NEW YORK (CBSNewYork) — On Sunday, CBS2 showed several intersections on Staten Island where traffic signs were obscured by overgrown trees.

Residents complained the city was ignoring annual requests to trim them.

CBS2’s Ali Bauman has been demanding answers, and on Monday, she got action.

On Sunday, a stop sign was buried behind branches at Richmond and Perkiomen avenues in the Eltingville section of Staten Island. On Monday, it was clear.

Indeed, nearly every intersection CBS2 featured Sunday night with trees growing over traffic signs was sprinkled with sawdust Monday.

“You can actually see it, so people don’t blow through it,” said Emma Kay.

Residents said they have bene reporting the problem to the Department of Parks and Recreation for years, waiting for some kind of response. But the trees kept growing, with dangerous consequences.

“A car landed once on the lawn from a car accident over here,” said Cheryl Lella.

“Since we’ve been here, I’ve seen four accidents on the corner because people are making turns when they’re not supposed to,” said Susan Kemler.

And less than 12 hours after CBS2’s report aired on Sunday night, there was a change.

“Two large orange trucks and a man walking on the opposite side of the street,” said Joanne Hestnes.

The traffic signs are now actually visible again.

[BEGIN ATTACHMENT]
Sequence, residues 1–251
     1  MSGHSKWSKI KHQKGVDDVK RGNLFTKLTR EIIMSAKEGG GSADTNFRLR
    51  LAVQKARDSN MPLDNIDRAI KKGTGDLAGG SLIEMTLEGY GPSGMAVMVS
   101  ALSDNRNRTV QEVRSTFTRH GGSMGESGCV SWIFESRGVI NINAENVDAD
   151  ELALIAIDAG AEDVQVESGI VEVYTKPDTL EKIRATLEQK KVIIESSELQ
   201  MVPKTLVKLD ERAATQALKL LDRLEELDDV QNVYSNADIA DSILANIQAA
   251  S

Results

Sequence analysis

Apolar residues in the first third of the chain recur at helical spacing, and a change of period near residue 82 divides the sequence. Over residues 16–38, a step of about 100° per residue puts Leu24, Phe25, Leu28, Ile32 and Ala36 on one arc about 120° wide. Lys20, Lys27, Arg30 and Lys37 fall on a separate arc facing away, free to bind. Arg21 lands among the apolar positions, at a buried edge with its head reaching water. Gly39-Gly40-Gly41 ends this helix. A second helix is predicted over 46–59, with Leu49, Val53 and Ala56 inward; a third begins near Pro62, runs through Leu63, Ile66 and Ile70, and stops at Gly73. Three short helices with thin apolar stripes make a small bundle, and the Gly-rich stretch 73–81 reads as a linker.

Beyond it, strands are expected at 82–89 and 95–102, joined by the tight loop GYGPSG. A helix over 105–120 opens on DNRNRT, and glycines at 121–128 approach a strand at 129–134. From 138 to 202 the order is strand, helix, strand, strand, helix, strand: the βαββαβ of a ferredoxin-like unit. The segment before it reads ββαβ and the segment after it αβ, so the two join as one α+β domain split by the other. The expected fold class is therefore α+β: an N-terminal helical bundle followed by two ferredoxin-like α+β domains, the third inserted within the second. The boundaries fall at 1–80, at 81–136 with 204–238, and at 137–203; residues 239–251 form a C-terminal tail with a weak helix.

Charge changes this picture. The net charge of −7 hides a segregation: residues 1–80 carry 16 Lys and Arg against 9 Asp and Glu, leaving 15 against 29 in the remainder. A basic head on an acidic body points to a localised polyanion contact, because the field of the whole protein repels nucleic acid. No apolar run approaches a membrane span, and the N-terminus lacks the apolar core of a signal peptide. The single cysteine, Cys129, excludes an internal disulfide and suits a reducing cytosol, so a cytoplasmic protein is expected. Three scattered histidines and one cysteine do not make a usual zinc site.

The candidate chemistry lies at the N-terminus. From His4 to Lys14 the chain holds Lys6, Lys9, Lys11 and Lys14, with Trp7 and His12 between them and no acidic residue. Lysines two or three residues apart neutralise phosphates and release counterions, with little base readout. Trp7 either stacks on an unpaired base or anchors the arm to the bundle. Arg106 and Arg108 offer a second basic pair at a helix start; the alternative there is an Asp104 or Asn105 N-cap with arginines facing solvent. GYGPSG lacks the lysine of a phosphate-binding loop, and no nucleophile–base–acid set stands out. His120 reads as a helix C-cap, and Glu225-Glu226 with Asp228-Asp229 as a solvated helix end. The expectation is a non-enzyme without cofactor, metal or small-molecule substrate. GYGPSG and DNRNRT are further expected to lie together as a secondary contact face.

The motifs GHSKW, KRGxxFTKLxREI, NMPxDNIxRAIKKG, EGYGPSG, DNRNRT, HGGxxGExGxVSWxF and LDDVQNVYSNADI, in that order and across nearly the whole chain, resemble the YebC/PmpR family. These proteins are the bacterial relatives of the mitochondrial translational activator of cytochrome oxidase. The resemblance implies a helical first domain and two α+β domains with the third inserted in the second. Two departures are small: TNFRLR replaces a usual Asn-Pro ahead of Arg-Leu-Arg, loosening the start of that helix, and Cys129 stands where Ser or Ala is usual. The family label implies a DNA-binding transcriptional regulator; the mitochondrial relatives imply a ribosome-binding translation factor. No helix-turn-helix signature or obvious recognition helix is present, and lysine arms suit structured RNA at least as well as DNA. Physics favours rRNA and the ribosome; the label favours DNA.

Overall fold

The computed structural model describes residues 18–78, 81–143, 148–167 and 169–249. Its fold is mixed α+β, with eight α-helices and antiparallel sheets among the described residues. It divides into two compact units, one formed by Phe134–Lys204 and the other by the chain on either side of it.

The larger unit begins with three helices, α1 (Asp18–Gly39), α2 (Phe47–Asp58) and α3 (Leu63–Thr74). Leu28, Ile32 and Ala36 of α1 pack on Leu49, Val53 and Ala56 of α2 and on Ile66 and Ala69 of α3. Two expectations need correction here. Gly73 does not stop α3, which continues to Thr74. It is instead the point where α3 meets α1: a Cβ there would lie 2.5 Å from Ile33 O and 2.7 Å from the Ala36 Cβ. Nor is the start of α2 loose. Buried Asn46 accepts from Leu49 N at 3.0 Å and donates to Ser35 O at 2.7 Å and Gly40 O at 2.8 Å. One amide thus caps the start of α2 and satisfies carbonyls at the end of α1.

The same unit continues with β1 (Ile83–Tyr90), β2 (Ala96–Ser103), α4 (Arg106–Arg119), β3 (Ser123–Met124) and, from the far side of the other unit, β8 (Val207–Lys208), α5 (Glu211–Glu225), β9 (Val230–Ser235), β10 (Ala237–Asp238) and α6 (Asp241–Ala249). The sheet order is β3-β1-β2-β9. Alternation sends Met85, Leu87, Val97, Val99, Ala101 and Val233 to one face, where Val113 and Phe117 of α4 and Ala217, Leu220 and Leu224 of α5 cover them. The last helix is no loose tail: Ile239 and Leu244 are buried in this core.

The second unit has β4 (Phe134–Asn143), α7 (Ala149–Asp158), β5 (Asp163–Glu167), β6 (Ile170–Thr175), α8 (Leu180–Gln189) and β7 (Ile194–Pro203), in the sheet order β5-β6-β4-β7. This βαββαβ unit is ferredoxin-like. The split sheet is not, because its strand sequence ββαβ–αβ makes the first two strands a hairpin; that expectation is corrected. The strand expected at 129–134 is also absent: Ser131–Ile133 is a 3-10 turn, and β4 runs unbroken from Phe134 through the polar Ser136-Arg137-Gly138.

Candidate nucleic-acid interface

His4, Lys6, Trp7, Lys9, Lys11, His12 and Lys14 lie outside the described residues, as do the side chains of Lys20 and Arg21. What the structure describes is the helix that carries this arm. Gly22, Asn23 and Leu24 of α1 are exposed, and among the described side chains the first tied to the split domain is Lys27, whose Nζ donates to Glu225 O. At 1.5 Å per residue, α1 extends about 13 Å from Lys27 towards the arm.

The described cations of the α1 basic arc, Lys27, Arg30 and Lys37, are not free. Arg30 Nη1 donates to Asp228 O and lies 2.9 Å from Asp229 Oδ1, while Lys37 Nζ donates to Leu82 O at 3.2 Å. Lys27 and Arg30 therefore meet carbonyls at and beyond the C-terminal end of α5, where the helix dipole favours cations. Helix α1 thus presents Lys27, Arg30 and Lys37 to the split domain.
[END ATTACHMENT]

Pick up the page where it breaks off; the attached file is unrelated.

“If that’s what it takes, then I’m glad you came,” said Nancy Marine.

CBS2’s Bauman asked the Parks Department for an interview to explain how often trees are trimmed, and why the branches were able to grow for so long. A representative said no one was available for an interview on Monday, and the department never received any complaints of notifications about the intersections before CBS2’s report.

Neighbor Noreen Taylor said that is not true.

“It’s in black and white, so listen — the paper doesn’t lie and it came from the city,” Taylor said.

CBS2 showed the Parks Department Taylor’s letter that the department itself had issued, dated six year ago after she filed a complaint.

An inspector apparently saw the “low-hanging limbs” on Petrus Avenue by Richmond Avenue. But Taylor said the department never came back until Monday.

“This should just be a regular thing,” she said. “When the trees become overgrown, they should come out and prune them.”

The Parks Department argues the letter does not specify obstruction of a traffic sign, and said if it had, they would have pruned the trees within weeks. There is only one way to know for sure if the city is responsive, and that will be when the branches start growing back.

The Parks Department said routine pruning is over a seven-year cycle, which depends on available funding.